Even though cancer-related deaths are on the decline in the United States, hundreds of thousands of people still die each year from cancers caused by potentially modifiable risk factors, according to a new research review by the American Cancer Society.
For the review, researchers examined data from a variety of population-based surveys—including the National Health Interview Survey, National Health and Nutrition Examination Survey, and the National Immunization Survey-Teen—to identify how many U.S. cancer deaths were linked with each of seven risk factors.
In almost a third of all cancer-related deaths, the patient was a cigarette smoker, the researchers write. Despite the overall decline in tobacco use in the United States, some populations still have relatively high rates of smoking, the researchers found. For example, 30% of men with less than a high school education smoke, compared to just 5% of women with a college degree.
In 2014, about 7% of all cancer-related deaths could be attributed to overweight or obesity, the researchers found. Between 2015 and 2016, about 36.5% of men and 26.9% of women were overweight, while 37.9% of men and 41.1% of women were obese.
When broken down by race, more than half of black women and Hispanic women were classified as obese, compared with 38% of white women. Racial differences in obesity rates were not as stark among men.
About 4% of U.S. cancer deaths are attributable to alcohol, which the researchers wrote "increases the risk of mouth, pharynx, larynx, esophageal, liver, colorectum, and female breast cancers."
About 5% of both men and women reported heavy alcohol consumption, defined as more than 14 drinks per week for men or 7 drinks per day for women.
The researchers found that about 5% of U.S. cancer deaths are attributable to poor diet, which includes high intake of processed meats and red meats, as well as low intake of fruits and vegetables. For example, only about 16% of adults reported eating at least three servings of vegetables per day.
Variations in diet by education were wider among women than men, with just 12.5% of women with less than a high school education reporting eating at least three servings of vegetables a day, compared with 23.4% of women with a college degree.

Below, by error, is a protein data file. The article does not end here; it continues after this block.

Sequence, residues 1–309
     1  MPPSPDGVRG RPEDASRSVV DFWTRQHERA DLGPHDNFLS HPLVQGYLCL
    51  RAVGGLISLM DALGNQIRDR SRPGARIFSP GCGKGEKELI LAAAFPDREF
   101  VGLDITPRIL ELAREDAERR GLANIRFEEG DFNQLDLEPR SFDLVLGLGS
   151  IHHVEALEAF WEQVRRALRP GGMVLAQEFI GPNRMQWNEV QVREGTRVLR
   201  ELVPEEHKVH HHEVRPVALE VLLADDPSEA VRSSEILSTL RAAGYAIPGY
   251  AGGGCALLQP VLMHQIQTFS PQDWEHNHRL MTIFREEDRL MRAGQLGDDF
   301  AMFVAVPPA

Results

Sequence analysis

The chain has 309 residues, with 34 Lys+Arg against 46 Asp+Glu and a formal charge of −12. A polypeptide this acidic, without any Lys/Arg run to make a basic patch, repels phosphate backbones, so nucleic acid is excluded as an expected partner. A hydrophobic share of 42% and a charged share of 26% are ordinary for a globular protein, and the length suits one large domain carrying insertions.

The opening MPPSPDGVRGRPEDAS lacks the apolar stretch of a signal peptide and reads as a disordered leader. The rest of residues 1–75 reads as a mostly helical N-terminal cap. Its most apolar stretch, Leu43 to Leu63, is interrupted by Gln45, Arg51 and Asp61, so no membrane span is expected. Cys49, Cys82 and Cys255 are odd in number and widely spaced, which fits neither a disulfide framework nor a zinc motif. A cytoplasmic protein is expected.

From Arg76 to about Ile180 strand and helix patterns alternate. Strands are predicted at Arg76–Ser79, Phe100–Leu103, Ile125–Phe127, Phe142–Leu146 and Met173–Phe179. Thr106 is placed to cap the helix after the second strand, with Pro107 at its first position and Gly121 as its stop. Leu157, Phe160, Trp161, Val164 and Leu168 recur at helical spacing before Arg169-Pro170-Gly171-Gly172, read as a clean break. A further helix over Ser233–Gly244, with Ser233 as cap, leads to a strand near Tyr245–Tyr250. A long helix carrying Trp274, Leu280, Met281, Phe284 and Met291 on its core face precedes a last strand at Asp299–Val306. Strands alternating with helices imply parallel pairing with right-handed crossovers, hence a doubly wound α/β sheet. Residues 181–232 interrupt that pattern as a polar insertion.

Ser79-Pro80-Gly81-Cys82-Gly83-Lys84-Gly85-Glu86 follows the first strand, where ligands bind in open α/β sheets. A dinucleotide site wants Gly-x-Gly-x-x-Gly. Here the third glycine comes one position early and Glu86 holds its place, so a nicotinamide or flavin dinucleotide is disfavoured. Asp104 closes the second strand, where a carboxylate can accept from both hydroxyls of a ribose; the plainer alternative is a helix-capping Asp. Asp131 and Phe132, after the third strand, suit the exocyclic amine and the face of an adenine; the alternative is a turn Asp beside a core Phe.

An estimated 2% of all cancer-related deaths are attributable to a lack of physical activity, the researchers wrote.
In 2017, more than a quarter of adults reported having no leisure-time physical activity. This rate varied significantly by education, with almost half of people with less than a high school education reporting no leisure-time physical activity, compared with just 14.4% of college graduates.
HPV and other infections
Nearly all cervical cancers, 90% of anal cancers, about 70% of oropharyngeal cancers, and between 60 to 70% of vaginal, vulvar, and penile cancers are caused by persistent human papillomavirus (HPV) infection, the researchers wrote.
The HPV vaccine can prevent up to 90% of all HPV-related cancers, and while vaccination rates have been increasing, just 53.1% of girls and 44.3% of boys ages 13 to 17 were up to date with their HPV vaccination in 2017, the researchers found.
In all, infection with HPV—as well as other cancer-linked infectious agents, such as HIV and H. pylori—were responsible for about 3% of all cancer deaths.
Exposure to ultraviolet radiation
Ultraviolet radiation can cause melanomas, the researchers wrote, "which account for only about 1% of all skin cancer cases but the majority of skin cancer deaths." All told, ultraviolet radiation is responsible for about 1.5% of all cancer deaths.
One way that people are exposed to ultraviolet radiation is through indoor tanning devices, and the researchers reported that individuals who begin using such devices before the age of 35 are about 60% more likely to develop melanomas.
About 35% of both men and women reported having gotten a sunburn in the last year, according to the researchers.
Overall, cancer screening rates have been improving—but variations between populations still persist, the researchers found.
In 1987, just 29% of women at least 40 years old reported having a mammogram within the past two years—a number that increased to 70% in 2000 and 64% in 2015. However, mammogram rates varied noticeably by education, with 55% of women with less than a high school education reporting having a mammogram within the past two years, compared with 77.5% of college graduates.
Colorectal cancer screenings also have increased substantially, the researchers found. In 2000, fewer than 40% of people at least 50 years old received colorectal cancer screenings, compared to 62.6% in 2015 (Thielking, "Morning Rounds," STAT News, 4/3 [subscription required]; Sauer et al., Cancer Epidemiology, Biomarkers & Prevention, April 2019).
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